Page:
Transient, Fleeting: The World of Ishimoto Yasuhiro part 7

Chicago, Halloween (1959-61)
©Kochi Prefecture, Ishimoto Yasuhiro Photo Center
Chicago, Halloween (1959-61) ©Kochi Prefecture, Ishimoto Yasuhiro Photo Center

Children at Halloween

The photograph introduced in the previous installment of this series shows a girl playing at a park. The girl is tied to a tree, and to many it obviously looked as if she was being abused. Children are sometimes ruthless and cruel. It probably was some kind of game in which brave boys would free the captured heroine. Children’s games are changing with the times (in different ways depending on the country). Yasuhiro Ishimoto used to play samurai using a wax tree’s branch as a sword when he was a child. It is a toxic plant that causes a rash and makes the skin turn red when touched, which added an oddly realistic sensation to Ishimoto’s play.

A particular favorite among American children is Halloween, a Christian event on All Saints’ Eve. All Saints’ (or All Hallows’) is a day on which the dead come home, comparable with the Japanese O-bon. On Halloween, children dressed up as ghosts go from door to door to collect sweets while shouting “Trick or treat!”  Shops that close before the children arrive and other places where they come away empty-handed are punished with graffities or otherwise, but as god allows the kids to play tricks on this day, the grownups don’t blame them.

This series depicting children at Halloween as they roam the streets wearing their favorite costumes and hollowed pumpkins on their heads, and carrying big paper bags to be filled with sweets, is another one of Ishimoto’s particularly well-known works.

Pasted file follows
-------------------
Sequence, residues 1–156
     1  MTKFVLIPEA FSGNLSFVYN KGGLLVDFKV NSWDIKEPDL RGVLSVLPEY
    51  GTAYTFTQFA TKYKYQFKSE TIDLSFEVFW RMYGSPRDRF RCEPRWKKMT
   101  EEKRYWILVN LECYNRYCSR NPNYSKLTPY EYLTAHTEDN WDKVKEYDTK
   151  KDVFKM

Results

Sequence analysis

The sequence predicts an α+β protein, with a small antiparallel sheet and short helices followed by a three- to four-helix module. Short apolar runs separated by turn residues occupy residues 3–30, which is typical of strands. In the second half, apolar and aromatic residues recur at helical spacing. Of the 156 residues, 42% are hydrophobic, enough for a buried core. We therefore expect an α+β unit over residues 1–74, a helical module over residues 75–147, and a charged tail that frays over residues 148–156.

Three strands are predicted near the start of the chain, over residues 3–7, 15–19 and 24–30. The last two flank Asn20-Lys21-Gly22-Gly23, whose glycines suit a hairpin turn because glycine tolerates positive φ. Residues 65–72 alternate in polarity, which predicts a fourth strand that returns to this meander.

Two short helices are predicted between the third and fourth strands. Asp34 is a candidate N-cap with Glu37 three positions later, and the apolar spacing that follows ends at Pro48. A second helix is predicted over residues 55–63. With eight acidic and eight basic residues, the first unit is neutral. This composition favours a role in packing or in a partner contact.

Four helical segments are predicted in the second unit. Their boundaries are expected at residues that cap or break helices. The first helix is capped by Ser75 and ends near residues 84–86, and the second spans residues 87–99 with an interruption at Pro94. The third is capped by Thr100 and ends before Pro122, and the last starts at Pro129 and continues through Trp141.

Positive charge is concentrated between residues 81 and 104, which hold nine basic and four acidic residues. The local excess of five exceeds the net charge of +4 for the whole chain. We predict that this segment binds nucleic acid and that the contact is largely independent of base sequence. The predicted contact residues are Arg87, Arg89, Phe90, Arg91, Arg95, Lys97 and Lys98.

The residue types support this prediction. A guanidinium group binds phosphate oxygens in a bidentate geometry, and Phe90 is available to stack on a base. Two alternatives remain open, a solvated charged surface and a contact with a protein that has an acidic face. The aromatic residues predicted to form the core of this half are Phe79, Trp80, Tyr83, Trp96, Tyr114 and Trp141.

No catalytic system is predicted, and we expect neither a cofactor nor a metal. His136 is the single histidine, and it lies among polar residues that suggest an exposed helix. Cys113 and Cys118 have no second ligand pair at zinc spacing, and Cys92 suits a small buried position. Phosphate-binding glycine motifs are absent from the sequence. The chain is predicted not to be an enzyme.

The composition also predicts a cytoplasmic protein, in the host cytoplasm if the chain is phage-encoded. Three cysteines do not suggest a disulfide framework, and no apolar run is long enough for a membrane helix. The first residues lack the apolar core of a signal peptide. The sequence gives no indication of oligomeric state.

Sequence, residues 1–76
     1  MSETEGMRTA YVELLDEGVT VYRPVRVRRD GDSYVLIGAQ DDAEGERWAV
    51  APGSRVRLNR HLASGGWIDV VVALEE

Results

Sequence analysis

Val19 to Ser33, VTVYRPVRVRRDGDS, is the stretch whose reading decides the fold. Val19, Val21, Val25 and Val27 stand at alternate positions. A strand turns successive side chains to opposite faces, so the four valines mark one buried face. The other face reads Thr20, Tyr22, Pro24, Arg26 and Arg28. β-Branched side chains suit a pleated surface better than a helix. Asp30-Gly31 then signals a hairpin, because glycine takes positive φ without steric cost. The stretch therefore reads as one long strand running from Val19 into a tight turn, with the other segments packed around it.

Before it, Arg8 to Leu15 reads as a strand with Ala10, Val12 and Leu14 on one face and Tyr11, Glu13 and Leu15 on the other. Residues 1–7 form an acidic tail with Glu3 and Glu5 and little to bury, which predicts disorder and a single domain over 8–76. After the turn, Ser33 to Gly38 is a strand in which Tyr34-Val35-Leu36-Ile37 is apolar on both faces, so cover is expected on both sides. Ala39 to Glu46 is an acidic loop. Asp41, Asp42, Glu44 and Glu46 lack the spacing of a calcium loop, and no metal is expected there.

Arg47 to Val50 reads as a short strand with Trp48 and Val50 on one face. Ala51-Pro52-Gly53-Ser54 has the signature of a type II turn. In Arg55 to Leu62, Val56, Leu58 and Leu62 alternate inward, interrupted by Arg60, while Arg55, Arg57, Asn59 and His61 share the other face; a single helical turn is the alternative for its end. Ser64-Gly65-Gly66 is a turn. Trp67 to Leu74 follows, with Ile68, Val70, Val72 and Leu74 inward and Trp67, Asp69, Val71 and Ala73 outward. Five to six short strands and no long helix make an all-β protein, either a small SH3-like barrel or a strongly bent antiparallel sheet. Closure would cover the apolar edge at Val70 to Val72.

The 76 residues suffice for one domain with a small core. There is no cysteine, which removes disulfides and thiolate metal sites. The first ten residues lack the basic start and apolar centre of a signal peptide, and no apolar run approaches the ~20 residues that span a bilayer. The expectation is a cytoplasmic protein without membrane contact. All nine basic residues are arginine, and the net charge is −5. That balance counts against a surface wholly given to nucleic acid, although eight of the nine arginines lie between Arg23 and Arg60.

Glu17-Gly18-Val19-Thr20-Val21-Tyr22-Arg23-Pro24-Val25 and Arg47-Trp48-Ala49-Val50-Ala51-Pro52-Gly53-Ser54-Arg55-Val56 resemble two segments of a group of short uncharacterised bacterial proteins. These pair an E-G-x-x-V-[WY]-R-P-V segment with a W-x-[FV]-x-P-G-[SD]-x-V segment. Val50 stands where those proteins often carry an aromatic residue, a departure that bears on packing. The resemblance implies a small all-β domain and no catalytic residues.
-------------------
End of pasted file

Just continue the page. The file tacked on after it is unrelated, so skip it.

Ishimoto photographed children at Halloween in the late 1940s when he was a student, and once again during his second stay in Chicago in the late 1950s. The outcomes are very different. The second “Halloween” is a series of close-ups of children’s faces filling out the entire picture. With his previous camera, Ishimoto wasn’t able to move up closer than one meter, but the newly invented single-lens reflex camera made it possible to shoot at point-blank range.

As the children don’t go out into the streets before the evening hours on Halloween, the photographs were necessarily taken in dim settings. When trying to photograph frolicking children at dusk from a distance using a tele lens, the results necessarily get blurry, so this photo was obviously shot from up close. Looking at the photographs in this series, one can almost feel the sense of elevation and liveliness of the situation, with children appearing one after another in front of Ishimoto while he keeps looking through the viewfinder.

“The number of black people seems to be increasing in big cities across the USA. This also applies to Chicago, where many black people live. I catch myself time and again falling for the somewhat wistful expressions on their faces. And then a boy with his face painted all white appeared right in front of me. The boy’s face seemed to come toward me as I zoomed in.” This is how Ishimoto commented the photo when it appeared in the January 1962 issue of Asahi Camera magazine.

(Published on October 4, 2005)

Kageyama Chinatsu, curator at the Museum of Art, Kochi
Ishimoto Yasuhiro Photo Center